What happens is WWE brings in a new talent, and feuds them with an established star to get them over. Ziggler/Mysterio. Randy Orton/HBK. Barrett/Cena. Del Rio/Mysterio. Miz/Tommy Dreamer. Shield/Various. Jericho/Fandango. Sheamus/Triple H. This is fantastic for two reasons. First of all, veteran faces get new heels over and quickly, and second of all the talent learns off the star and gets better. But that’s where the problems begin. Fans are getting smarter, we have the internet to thank for that. As the new start gets better in the ring and at entertaining they get better liked. Fans like a guy who can cut an entertaining promo and put on a good match. It’s happened to nearly every new star I mentioned above. And they are turned face. And the face turn works? Well not really.
To illustrate why this doesn’t work I look at The Miz. The Miz exploded in late 2010, all of a sudden he was everywhere, he was champion, and he was the man. It resembled The Rock in late 1998, who was soon turned face and went on to supernova status. The Miz however was buried by Cena and sent back a few years. But still inevitably was turned face. I was all for this. But there’s a problem.
It’s simple – The face Miz of today is not the heel Miz we liked in the first place. The Miz’s character has been changed so that he is basically like every single other face on the roster. Key words of that sentence are ‘character change’. They shouldn't have changed his character. The Miz got over for being a loud, brash, cocky in your face heel – again not unlike an early Rock. The Rock never changed his character when he turned face, and was successful. This Miz is not like the Miz that got over and is suffering because of it. He’s basically popular because of the fact he uses Naich’s old finisher. The Miz should have stayed the same character as before but instead of ripping on faces, he ripped on heels. Del Rio is in a similar boat. He ditched a lot of the things that made him popular in the first place, which is a factor in him turning back into a heel. I remember when Del Rio fought Tensei and was doing all those lucha-libre type hurricinranas and moonsaults to get over as a Latino face. It looked terrible and it, along with the face Del Rio, didn't last long.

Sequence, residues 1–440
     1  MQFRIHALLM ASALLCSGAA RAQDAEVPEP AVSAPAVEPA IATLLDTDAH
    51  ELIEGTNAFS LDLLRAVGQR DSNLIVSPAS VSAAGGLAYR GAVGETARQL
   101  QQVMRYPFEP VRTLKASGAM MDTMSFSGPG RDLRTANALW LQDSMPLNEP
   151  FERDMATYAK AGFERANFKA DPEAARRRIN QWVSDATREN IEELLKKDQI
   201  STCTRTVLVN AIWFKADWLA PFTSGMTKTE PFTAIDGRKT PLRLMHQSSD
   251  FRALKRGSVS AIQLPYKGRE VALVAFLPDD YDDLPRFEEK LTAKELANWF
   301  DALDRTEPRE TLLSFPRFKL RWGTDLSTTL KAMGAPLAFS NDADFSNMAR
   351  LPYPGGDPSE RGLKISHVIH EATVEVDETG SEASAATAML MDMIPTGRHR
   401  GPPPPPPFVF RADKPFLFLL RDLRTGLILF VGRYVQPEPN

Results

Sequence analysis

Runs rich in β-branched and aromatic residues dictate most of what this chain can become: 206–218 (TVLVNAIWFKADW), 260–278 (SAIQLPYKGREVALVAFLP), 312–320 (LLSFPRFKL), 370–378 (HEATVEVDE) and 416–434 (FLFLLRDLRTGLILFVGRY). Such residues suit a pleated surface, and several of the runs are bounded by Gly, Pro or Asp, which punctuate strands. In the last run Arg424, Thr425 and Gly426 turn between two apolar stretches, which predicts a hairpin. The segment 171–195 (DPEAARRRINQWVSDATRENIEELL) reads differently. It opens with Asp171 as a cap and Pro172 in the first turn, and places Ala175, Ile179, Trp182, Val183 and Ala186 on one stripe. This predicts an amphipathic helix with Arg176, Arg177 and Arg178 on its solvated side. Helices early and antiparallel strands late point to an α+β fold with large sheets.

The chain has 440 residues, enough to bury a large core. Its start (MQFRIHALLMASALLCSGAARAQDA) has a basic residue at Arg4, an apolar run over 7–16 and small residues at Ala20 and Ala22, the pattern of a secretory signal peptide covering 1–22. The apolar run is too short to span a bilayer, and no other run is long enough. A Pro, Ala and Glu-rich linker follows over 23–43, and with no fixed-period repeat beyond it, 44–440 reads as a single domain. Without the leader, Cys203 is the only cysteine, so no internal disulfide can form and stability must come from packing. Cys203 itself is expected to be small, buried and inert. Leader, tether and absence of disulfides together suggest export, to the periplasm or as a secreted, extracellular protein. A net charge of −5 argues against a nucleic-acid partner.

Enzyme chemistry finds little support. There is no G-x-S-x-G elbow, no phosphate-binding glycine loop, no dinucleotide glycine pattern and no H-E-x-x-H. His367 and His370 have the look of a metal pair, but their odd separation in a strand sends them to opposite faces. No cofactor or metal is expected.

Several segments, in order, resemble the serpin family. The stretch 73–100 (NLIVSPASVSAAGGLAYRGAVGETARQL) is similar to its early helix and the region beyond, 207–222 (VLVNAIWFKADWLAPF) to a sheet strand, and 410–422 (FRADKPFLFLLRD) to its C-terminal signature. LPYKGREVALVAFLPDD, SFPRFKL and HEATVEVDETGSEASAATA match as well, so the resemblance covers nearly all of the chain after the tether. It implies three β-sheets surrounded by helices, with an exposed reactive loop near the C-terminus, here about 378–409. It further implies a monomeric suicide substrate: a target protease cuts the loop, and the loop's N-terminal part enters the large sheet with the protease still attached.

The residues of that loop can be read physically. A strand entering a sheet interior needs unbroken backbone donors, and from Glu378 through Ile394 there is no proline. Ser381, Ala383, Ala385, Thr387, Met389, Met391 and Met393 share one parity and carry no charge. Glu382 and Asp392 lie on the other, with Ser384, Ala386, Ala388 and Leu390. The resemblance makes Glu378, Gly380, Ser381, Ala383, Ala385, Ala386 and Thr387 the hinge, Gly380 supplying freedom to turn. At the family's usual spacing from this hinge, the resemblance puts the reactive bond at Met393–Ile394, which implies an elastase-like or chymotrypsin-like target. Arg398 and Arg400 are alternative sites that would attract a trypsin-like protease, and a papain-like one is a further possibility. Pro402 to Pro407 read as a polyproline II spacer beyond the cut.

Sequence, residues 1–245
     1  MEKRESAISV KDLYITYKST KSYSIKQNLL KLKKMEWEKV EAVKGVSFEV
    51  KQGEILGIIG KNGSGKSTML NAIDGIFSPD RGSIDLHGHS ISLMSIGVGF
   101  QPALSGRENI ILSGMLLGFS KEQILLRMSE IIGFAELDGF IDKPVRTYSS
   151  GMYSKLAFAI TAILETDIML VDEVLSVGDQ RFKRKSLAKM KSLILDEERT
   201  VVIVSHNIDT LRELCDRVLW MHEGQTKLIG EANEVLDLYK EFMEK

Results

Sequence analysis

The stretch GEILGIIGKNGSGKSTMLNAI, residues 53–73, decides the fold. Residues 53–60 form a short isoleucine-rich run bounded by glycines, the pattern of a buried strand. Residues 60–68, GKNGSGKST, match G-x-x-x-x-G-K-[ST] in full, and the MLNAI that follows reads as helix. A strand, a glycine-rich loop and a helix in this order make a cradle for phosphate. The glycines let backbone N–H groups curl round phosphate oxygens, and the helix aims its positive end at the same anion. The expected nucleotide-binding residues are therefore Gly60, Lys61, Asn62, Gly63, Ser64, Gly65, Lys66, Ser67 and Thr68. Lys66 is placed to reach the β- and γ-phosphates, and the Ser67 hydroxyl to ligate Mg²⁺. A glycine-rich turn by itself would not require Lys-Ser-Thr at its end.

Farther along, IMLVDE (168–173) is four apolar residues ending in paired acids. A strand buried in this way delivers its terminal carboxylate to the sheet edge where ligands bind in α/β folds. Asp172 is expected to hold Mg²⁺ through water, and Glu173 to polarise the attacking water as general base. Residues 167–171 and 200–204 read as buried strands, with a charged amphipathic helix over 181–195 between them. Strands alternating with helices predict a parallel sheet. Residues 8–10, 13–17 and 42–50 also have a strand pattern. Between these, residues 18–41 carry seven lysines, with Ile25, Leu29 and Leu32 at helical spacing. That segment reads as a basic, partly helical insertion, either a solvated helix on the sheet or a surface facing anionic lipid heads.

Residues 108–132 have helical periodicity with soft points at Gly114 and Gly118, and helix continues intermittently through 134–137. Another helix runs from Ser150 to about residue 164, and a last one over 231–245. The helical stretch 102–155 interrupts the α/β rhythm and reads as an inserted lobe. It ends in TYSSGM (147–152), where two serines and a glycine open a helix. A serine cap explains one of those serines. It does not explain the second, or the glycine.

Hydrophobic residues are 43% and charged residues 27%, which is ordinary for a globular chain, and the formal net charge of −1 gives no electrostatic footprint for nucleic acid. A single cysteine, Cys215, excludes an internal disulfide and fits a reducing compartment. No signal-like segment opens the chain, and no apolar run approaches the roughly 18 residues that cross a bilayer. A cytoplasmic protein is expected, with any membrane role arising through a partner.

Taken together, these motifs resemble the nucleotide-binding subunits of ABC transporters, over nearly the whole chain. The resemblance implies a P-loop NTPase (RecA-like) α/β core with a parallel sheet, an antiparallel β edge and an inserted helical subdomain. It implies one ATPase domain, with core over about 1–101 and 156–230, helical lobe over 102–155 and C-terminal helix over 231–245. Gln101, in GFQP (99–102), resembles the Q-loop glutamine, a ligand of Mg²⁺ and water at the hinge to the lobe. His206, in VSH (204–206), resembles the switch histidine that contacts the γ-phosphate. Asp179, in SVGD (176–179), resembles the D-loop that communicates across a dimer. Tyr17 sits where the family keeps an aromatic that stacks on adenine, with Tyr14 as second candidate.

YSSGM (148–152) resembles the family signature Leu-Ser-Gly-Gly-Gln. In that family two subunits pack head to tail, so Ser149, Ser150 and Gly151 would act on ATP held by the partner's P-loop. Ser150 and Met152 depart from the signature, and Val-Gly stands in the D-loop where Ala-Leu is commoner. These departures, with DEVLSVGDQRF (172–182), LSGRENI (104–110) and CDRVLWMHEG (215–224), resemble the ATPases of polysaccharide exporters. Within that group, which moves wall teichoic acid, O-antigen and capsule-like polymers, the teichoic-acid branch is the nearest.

I bring this to the attention of everybody now because the problem is currently on the doorstep of one of our favourites. Dolph Ziggler is in danger of landing in the same boat at The Miz. Ziggler got over for being brilliant in the ring, showing off and stealing the show. The new face Dolph Ziggler should still think and tell everyone that he’s better than them. He should still do sit-ups in the ring, and hand stands. That’s the Dolph Ziggler we want to watch. I mean, when Flair turned face after all those years he was still wheeling dealing, kiss stealing and all that jazz. We grew to respect Flair and we didn't want Ric to be something that we didn't cheer for in the first place. CM Punk got over for being an anarchist, and when that started to evaporate he got a little stale and ended up turning heel.
WWE needs to end this dirty hotel room affair with the cookie-cutter heel that appeals to only one sector of the audience. As far as I'm concerned, that sector of the audience will cheer for anybody who is a face - so why not make that face interesting. Another message I'm trying to get across is that some people confuse a change with a turn. They are NOT the same thing. Some wrestlers need a change and some wrestlers need change and some need turns. But some need both. For example, Wade Barrett needs a change. I really think that the stereotypical foreigner who thinks he is better than Americans is kind of overdone. His best heel moments were with The Nexus and that group was over, not Barrett.
Strange as this may sound, Barrett would be better as a face. With the strange all heel money in the bank ladder match coming up, and his little shot to Fandango on RAW the time might be now. Robstar once claimed that Barrett’s appeal is that he looks like a good bloke that you could have a beer with. Maybe this is something WWE can go with – A drinking Brit who likes a fight... or something. I think he would be much better at it than when Sheamus tries to play it. Fighting Irishman was old when Finlay was doing it, but Fighting Brit is a bit fresher. Like one of those guys who would start a fight at a football match, wipe the blood off his face, and go to the pub for a pint.
Rey Mysterio is another that could use a character change. I wouldn’t mind him turning into more of a hero type character and feuding with the shield over the issue of justice. Maybe he could join Kane and The Undertaker for the proposed match at Summerslam? I don’t know, but Mysterio is an asset to the company, and certainly with suspensions and injuries needs a reboot. So there are several positives that WWE are working with in terms of their new stars and angles that can only be better by some reworking of their established stars.
Many complain that the IWC is never happy. But we should all be striving for the for the better. The number one wrestling company in the world should not get complacent. They should always be trying to make what they offer us better. So here's to a better product. And that’s another blog folks. Comments, feedback whatever. Again I'm trying to offer something a little different so take that into consideration.
Much love mine frauline.
... It is 1.16pm on Monday, 15 July 2013 in Adelaide, South Australia...
THE BLOG is leaving, with a path of destruction in their wake.